France’s most senior Roman Catholic cleric, the cardinal Philippe Barbarin, has been given a six-month suspended sentence for his role in covering up the sexual abuse of minors.
Barbarin was found guilty of failing to report allegations of assaults by a priest in the 1980s and 1990s.
He denied the charges. His lawyers now say he will appeal against the verdict.
Barbarin’s sentencing comes as the Catholic Church reckons with a new wave of abuse scandals.
Barbarin, who held the position of Archbishop of Lyon, was not present for the verdict. During the trial, he told the court: “I cannot see what I am guilty of. I never tried to hide, let alone cover up these horrible facts.”
What are the abuse claims?
The claims relate to alleged abuses committed by priest Bernard Preynat, who is now 73 and who ran a boy-scout group in the Lyon area for many years. Dozens of men say he sexually assaulted them as children.
Mr Preynat lawyer’s has said his client has admitted the allegations, but that the statute of limitations has expired. French officials argue that some of the offences can still be prosecuted and a criminal case has been opened against the priest.
Some of Mr Preynat’s alleged victims took action against Barbarin and five others over their inaction. They used provisions in French law to bring a private prosecution, bypassing the prosecutor’s office which had not pursued the case against the cardinal.
What was the cardinal’s defence?
Barbarin told the trial he had known of “rumours” as far back as 2010. But he said he became aware of the alleged abuse after a conversation with one of the victims in 2014. He informed the Vatican about the allegations, and removed Mr Preynat from his position a year later – but never informed police.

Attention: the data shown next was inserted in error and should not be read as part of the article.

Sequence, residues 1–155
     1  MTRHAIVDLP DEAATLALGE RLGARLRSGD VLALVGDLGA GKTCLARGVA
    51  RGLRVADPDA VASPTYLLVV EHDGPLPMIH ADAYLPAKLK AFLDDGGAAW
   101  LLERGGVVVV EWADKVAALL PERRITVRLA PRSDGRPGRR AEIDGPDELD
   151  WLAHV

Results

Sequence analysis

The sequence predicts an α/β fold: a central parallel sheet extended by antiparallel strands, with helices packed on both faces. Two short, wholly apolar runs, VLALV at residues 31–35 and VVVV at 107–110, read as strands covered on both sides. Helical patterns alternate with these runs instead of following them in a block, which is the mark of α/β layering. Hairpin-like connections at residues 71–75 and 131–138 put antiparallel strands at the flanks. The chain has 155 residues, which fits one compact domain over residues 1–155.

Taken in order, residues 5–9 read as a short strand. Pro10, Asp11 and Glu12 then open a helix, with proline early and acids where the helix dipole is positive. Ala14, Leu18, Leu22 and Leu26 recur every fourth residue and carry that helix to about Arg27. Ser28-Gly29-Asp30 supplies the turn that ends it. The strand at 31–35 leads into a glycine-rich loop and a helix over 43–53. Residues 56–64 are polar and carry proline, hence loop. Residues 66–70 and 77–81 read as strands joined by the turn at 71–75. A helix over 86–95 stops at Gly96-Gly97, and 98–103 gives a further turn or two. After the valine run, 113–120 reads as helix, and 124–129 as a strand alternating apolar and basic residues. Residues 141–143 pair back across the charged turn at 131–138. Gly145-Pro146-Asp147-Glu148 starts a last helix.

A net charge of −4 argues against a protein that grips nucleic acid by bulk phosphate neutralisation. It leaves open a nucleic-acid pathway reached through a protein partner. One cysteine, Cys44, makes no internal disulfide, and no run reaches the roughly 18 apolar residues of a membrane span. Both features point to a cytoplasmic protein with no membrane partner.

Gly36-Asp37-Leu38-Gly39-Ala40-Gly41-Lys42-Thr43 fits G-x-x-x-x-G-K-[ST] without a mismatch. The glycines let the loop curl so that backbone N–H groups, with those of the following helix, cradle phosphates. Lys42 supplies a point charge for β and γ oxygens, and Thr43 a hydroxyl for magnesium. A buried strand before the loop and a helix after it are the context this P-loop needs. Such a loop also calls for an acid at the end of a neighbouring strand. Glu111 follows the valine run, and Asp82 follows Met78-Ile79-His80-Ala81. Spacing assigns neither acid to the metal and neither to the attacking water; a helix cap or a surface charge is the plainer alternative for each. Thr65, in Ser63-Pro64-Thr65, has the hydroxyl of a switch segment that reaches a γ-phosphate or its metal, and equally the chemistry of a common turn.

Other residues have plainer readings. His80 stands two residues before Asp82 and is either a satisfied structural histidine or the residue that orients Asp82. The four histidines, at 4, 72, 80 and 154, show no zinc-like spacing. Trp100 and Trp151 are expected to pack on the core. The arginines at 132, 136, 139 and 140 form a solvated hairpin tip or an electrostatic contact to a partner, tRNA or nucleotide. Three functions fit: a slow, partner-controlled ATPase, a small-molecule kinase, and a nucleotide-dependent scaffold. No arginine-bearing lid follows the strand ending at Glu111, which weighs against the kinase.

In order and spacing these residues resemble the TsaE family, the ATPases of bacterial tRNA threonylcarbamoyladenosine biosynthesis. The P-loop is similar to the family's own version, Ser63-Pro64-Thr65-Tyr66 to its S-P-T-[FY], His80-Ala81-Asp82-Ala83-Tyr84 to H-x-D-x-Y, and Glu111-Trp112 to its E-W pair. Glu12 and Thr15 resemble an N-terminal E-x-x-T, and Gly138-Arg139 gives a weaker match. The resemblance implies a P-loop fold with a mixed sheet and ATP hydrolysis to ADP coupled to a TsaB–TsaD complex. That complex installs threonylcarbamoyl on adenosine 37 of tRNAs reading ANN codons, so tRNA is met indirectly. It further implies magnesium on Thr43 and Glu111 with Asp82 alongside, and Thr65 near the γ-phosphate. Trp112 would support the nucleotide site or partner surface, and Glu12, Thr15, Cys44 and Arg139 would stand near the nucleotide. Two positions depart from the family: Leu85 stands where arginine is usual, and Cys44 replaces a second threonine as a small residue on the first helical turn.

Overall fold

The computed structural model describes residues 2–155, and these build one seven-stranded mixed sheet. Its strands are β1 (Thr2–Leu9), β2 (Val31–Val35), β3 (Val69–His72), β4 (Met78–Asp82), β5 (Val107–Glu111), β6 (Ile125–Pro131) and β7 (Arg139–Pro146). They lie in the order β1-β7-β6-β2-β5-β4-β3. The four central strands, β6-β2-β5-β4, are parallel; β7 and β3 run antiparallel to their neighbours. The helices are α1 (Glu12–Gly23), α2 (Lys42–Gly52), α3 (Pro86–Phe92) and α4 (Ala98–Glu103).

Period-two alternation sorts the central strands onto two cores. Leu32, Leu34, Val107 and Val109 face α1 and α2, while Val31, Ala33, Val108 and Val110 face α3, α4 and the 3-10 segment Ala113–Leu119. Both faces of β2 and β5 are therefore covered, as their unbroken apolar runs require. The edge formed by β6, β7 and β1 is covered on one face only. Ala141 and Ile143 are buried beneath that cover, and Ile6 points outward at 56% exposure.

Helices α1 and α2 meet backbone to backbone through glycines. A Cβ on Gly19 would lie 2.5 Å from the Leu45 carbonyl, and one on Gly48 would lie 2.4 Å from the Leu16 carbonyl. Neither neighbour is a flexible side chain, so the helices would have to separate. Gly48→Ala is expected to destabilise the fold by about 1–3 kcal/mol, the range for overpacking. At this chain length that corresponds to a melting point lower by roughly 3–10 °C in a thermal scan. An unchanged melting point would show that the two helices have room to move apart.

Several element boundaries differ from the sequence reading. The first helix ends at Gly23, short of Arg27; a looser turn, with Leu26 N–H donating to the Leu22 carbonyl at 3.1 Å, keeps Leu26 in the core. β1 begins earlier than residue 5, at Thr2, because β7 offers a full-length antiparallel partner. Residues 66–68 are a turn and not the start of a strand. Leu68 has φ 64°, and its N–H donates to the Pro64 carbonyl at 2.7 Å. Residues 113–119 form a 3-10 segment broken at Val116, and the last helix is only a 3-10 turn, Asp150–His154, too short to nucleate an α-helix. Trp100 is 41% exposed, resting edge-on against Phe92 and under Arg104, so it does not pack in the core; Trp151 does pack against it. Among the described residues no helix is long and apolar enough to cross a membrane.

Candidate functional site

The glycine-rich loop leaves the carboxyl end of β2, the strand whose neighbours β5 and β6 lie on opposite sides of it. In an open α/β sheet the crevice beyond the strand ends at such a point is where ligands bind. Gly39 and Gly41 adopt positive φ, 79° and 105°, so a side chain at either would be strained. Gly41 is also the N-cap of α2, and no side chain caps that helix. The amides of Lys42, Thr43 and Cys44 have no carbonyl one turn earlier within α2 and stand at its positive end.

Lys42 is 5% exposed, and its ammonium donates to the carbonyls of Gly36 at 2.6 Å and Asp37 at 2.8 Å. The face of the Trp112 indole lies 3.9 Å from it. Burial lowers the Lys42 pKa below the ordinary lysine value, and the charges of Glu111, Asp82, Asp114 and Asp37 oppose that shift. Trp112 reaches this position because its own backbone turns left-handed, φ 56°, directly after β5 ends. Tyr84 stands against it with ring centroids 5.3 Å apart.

The allegations became public in 2015 and are now the subject of a film titled Grace of God, which was cleared for release last month after a legal battle.
French broadcaster BFMTV described the case as “the first major trial of paedophile in the French Catholic Church”.
What is the wider context?
The conviction comes amid a number of other Catholic scandals around the world.
Two weeks ago, Australia’s most senior cleric, Cardinal George Pell – someone once widely seen as the Church’s third-most powerful official – was found guilty of abusing children.
Media captionBrigitte, a survivor of child sex abuse by a chaplain, explains why she is ready to speak now
An Australian jury found Pell had abused two choir boys in Melbourne’s cathedral in 1996. He is now appealing that verdict.
Pope Francis last month convened a conference on the sexual abuse of children in the Catholic church. He called for “concrete measures” to tackle the problem rather than “simple and obvious condemnations”, and labelled abusers “tools of Satan”.
Critics say that little concrete action has been taken by the Church.